This Behind the Scenes article was provided to LiveScience in partnership with the National Science Foundation.
A new type of camera that captures how a surface feels is exactly the kind of technology mechanical engineer Katherine Kuchenbecker believes will change the way humans and computers interact. And she’s helping make that happen.
With support from the National Science Foundation, Kuchenbecker, a mechanical engineer at the University of Pennsylvania, is working to capture how objects feel and recreate the sensation on the screens of computers and other devices. She calls this approach haptography, or haptic (touch) photography.
"If you can see something on your computer, why shouldn't you be able to feel it?" she asks. "Touch is an important part of the sensory experience of being a human."
Making everyday human-computer interaction richer, beyond just the visual and auditory senses, allows for some really exciting applications.
An online shopper, for example, might feel the texture of a pair of pants before deciding whether to buy them. A museum visitor might experience haptic impressions of a rare archeological artifact without having to hold the actual object. And digital artists might relish the ability to feel virtual drawing surfaces as they create masterpieces.
Beyond these uses, Kuchenbecker’s work on haptography is particularly motivated by medical training and simulation.
"We hope the technology, the hardware and the software that we're creating will eventually feed back into improved training for doctors and dentists and other clinicians," she said. "We want to let them feel what an interaction is going to feel like, whether it's surgery, inserting an epidural needle, drilling a cavity in a tooth, or practicing some other psychomotor skill with their hands. I want to let them practice these tasks in a safe, rich and challenging computer environment so they can learn those skills before they go work on a real patient."
How haptography works
When it comes to creating haptographs of a surface, such as a piece of canvas or wood, the key instrument is a tool equipped with sensors that measure tool position, contact force, and high-bandwidth contact accelerations. The haptographer repeatedly drags this tool over the actual surface of the object while the computer records all the signals.
"We make haptic sensory recordings of what you feel as you use this sensorized tool to touch the real surface," said Kuchenbecker. "We then process those recordings using computer algorithms to pull out the salient features."
According to Kuchenbecker, a user can later experience a virtual version of how the surface felt by dragging a stylus equipped with a voice coil actuator (a type of motor that can shake back and forth) across the surface of a computer screen.
"We measure how hard you're pushing and how fast you're moving the stylus, and then we use that motor on the stylus to shake your fingers in just the same way as they would have moved when you touched the real surface," she said.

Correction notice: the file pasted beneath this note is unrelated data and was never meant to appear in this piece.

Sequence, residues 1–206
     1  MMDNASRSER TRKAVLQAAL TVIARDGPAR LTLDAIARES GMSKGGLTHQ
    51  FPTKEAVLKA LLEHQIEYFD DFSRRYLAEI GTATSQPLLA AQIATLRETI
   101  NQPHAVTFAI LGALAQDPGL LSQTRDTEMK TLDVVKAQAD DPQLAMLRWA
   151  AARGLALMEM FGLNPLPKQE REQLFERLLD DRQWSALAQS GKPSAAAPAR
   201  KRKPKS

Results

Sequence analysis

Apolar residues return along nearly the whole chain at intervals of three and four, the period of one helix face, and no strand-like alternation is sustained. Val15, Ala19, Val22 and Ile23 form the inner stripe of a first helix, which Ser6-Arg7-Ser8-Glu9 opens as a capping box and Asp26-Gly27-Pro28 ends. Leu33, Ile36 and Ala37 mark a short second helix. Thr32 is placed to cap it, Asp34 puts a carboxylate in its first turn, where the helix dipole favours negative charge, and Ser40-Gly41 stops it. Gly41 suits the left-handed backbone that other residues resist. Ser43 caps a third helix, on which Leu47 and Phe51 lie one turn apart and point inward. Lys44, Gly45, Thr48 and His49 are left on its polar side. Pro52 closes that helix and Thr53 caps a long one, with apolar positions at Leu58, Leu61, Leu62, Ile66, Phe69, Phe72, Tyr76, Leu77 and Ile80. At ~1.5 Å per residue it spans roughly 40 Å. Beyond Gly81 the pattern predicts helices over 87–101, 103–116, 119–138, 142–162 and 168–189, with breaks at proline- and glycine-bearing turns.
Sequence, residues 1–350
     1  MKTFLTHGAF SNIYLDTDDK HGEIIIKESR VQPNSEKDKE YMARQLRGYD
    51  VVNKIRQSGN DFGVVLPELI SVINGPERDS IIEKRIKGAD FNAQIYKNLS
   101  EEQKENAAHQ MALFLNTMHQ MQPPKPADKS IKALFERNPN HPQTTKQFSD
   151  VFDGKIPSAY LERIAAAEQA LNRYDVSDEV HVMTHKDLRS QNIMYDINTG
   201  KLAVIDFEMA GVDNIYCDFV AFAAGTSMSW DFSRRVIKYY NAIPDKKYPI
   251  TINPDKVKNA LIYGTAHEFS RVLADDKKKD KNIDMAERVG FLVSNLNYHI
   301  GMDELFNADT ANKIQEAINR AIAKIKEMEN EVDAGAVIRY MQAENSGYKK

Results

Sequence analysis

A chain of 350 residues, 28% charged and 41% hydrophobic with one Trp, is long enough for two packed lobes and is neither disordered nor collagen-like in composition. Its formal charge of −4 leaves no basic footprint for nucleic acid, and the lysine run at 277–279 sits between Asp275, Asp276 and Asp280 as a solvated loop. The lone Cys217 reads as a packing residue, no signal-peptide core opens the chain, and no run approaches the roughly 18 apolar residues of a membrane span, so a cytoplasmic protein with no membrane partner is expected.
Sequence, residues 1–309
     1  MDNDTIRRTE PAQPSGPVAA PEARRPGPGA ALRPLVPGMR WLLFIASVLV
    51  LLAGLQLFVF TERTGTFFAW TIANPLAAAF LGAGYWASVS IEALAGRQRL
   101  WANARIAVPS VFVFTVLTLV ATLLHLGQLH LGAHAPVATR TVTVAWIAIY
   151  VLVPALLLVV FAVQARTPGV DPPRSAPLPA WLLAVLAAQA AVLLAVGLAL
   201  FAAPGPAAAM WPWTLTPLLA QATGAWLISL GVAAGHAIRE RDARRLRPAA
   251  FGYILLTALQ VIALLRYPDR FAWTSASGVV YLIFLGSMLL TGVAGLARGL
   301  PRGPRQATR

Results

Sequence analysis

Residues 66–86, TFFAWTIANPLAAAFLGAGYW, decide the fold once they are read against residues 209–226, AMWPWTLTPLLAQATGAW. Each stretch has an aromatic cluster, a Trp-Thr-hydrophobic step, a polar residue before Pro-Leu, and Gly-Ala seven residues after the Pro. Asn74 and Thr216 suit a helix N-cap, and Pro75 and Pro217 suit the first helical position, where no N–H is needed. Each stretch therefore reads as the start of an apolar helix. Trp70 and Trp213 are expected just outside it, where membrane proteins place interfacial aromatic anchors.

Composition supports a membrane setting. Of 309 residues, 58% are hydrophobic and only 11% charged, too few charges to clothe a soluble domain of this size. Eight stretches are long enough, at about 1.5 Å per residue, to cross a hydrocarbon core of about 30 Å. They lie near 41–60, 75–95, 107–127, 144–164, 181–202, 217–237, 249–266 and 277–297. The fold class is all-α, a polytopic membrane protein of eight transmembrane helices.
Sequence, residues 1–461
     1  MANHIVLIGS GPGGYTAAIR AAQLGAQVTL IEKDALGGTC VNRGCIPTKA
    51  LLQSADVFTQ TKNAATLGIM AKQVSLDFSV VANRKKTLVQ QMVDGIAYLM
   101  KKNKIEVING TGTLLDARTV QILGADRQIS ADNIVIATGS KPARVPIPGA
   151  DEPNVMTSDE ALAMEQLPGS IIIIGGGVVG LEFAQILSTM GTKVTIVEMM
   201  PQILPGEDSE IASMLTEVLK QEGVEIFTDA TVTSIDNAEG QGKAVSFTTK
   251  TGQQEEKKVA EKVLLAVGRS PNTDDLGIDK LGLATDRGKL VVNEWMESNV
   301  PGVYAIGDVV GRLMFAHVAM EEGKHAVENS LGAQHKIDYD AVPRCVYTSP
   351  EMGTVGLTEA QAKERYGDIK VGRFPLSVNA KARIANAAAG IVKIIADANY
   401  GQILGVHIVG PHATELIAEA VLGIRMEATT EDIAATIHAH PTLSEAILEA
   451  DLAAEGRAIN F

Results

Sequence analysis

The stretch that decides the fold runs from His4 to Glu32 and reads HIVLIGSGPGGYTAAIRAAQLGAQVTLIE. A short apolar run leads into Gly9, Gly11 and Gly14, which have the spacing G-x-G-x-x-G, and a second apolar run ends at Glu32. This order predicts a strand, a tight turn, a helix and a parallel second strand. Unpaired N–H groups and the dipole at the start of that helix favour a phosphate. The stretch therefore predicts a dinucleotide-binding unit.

The virtual surfaces feel real because with any change in movement, the computer automatically adjusts the sensations it plays back.
Kuchenbecker’s team is also exploring how the technology can be combined with training videos in areas such as dentistry.
"We attach a tiny high-bandwidth accelerometer onto the probe used by the dentist. As they explore a tooth, we record everything they feel, and we put it along with the video, in what I call the touch track," explains Kuchenbecker. "There's the video that you see, the sound track that you hear, and then the touch track that you feel."
"We can play all three back together for a learner to experience," she said. "In this way, a trainee can see what the dentist saw, hear what the dentist heard, and, holding another tool that has a motor inside of it, feel what the dentist felt."
The goal of enhancing virtual reality is among the National Academy of Engineering’s Grand Challenges for the 21st century. Kuchenbecker and her team of students have their hands all over this one, so to speak.
"This challenge of enriching human-computer interaction is one that many, many people are working on from many avenues," she said. "We hope to make contributions in terms of widening and broadening the sensory feedback you can receive."
Editor's Note: The researchers depicted in Behind the Scenes articles have been supported by the National Science Foundation, the federal agency charged with funding basic research and education across all fields of science and engineering. Any opinions, findings, and conclusions or recommendations expressed in this material are those of the author and do not necessarily reflect the views of the National Science Foundation. See the Behind the Scenes Archive.